But there’s an obvious middle ground to drastically reduce the number of time-wasting score reviews while also ensuring a safety barrier against mistakes – the ‘soft review’, which Hodge was advocating for in the first place.

The mechanism already exists for all goals to be reviewed within the time it takes for the ball to return to the centre square, and on regular occasions in recent years – though not this year given the explosion of normal reviews – provide enough evidence for the ball to be rushed back to the goalsquare and a decision overturned.

Often, umpires would be instructed to delay bouncing the ball on truly line-ball cases to ensure the correct decision was made before play would continue.


It’s a no-brainer for me – have goal umpires only call for score reviews if they believe a goal HASN’T been scored, and let the soft review do its work all the other times. It would slash the amount of time wasted in half, remove a swathe of unnecessary ARC checks, and altogether make a goal umpire’s job that bit less stressful.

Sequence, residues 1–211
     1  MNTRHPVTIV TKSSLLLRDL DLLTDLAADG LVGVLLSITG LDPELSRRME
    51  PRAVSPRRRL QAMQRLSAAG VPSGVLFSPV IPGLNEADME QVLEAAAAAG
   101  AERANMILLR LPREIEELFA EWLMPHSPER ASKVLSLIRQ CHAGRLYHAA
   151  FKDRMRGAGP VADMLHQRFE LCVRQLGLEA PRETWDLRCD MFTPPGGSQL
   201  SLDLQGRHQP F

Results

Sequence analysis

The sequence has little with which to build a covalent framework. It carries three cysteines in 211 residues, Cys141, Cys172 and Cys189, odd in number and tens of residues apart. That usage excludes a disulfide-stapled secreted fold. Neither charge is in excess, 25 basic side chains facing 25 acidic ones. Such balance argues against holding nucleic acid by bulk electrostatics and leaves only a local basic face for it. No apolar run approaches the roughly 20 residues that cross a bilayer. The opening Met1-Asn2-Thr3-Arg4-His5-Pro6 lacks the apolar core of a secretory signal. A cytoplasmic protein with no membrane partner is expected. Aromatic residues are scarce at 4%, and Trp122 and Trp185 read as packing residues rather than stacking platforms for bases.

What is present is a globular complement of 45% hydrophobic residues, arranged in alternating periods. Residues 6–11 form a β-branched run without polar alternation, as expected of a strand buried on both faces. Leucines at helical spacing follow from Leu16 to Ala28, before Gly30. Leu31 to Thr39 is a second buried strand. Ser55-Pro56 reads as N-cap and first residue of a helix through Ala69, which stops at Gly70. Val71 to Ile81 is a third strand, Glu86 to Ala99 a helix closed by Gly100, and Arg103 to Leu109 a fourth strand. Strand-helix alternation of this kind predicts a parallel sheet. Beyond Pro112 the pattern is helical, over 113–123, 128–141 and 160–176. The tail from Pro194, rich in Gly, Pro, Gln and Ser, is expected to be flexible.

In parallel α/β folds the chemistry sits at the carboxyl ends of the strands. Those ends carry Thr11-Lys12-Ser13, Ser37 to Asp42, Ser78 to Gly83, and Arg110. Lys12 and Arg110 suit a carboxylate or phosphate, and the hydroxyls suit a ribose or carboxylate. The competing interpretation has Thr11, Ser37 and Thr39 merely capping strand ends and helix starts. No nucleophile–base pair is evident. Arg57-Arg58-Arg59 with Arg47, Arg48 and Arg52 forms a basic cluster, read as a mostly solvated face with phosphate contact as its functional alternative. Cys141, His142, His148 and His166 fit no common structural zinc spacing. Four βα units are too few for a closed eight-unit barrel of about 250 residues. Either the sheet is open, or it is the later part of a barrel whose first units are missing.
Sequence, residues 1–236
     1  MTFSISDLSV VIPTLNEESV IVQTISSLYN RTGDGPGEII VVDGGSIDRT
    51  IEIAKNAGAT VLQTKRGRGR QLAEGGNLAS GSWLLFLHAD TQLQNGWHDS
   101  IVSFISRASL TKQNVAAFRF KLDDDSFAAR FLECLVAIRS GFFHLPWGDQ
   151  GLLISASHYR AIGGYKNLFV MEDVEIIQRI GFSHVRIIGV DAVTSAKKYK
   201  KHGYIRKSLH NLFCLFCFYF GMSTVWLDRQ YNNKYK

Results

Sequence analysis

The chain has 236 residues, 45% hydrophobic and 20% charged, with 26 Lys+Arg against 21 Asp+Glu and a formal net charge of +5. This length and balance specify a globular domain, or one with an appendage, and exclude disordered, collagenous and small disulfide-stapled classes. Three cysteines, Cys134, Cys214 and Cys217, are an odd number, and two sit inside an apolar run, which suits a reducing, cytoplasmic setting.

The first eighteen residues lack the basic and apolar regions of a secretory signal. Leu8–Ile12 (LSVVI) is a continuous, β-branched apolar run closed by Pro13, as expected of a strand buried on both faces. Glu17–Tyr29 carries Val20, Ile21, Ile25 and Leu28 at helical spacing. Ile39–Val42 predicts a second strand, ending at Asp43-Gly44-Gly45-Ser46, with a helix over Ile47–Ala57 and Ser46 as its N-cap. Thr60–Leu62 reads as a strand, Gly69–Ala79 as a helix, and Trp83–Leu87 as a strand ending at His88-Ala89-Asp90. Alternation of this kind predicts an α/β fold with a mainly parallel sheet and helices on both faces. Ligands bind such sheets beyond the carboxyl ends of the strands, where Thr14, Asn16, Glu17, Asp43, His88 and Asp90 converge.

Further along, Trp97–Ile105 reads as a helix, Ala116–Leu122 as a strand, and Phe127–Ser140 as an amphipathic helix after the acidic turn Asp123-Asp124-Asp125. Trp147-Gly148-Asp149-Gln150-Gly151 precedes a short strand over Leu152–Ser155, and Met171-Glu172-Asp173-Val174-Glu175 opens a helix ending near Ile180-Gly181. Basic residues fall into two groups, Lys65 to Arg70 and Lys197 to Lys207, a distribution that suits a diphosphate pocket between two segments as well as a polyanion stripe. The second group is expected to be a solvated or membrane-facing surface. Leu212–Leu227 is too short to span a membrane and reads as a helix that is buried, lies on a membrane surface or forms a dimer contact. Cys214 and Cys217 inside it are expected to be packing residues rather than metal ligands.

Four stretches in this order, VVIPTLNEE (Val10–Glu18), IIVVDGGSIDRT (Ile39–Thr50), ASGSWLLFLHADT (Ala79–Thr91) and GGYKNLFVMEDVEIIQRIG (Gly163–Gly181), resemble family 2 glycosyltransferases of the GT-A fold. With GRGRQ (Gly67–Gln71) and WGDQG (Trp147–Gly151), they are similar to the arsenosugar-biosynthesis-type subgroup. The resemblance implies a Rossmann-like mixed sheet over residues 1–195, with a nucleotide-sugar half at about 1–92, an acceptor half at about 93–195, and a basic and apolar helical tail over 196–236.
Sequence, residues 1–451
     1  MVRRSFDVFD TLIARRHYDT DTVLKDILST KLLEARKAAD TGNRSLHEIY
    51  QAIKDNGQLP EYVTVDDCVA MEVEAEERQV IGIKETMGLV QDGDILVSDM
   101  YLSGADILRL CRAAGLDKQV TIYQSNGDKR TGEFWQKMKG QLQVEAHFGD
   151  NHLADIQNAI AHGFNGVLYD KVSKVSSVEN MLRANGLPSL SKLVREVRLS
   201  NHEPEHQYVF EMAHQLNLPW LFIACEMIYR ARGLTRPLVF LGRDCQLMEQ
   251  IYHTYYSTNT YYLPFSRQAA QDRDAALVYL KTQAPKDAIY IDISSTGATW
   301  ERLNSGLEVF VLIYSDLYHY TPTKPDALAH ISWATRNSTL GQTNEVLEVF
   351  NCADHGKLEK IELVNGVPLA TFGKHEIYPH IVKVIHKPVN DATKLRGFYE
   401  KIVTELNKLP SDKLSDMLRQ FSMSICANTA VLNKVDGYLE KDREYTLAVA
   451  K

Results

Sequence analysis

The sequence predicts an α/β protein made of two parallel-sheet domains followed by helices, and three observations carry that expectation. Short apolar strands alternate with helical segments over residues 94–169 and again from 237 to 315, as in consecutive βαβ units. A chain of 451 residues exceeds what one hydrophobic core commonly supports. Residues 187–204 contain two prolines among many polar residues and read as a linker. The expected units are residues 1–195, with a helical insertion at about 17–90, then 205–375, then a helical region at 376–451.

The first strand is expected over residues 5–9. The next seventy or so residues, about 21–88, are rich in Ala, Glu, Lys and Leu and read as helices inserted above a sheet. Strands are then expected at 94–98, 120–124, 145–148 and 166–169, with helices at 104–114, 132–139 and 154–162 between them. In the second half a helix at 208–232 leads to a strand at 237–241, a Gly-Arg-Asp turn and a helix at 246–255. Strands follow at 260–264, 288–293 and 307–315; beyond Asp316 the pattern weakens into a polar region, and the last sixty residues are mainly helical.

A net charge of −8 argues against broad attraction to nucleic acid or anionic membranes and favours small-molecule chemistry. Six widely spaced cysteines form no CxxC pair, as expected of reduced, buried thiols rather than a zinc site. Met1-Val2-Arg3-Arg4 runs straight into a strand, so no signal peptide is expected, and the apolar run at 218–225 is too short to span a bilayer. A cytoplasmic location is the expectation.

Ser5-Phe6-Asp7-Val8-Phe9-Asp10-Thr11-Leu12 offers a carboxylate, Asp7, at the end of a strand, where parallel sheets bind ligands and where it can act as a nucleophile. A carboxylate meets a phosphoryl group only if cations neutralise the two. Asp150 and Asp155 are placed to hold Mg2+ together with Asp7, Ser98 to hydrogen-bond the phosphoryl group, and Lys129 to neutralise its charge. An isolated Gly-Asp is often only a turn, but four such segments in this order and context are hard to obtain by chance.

There are genuinely no losers, and it doesn’t require changing anything all that much – the AFL could, and should, bring it in as early as next week.

2. Tough, terrific Tigers are on their way…

As a neutral supporter, I can’t be the only one who found it impossible, in the dying stages on Sunday afternoon, to not be willing Richmond on from my lounge room.

Then, as the siren sounded and the MCG erupted, the sight of Adam Yze, grin from ear to ear, congratulating his fellow coaches after his first win in the hot seat could make the Grinch’s heart grow three sizes.

Since an Opening Round shellacking at the hands of Gold Coast, the Tigers had shown plenty of encouraging signs, despite a mounting injury list – but it’s one thing to be gutsy in defeat, and quite another to take down premiership favourites Sydney, the hottest team in the AFL at the moment. Especially in the manner they did.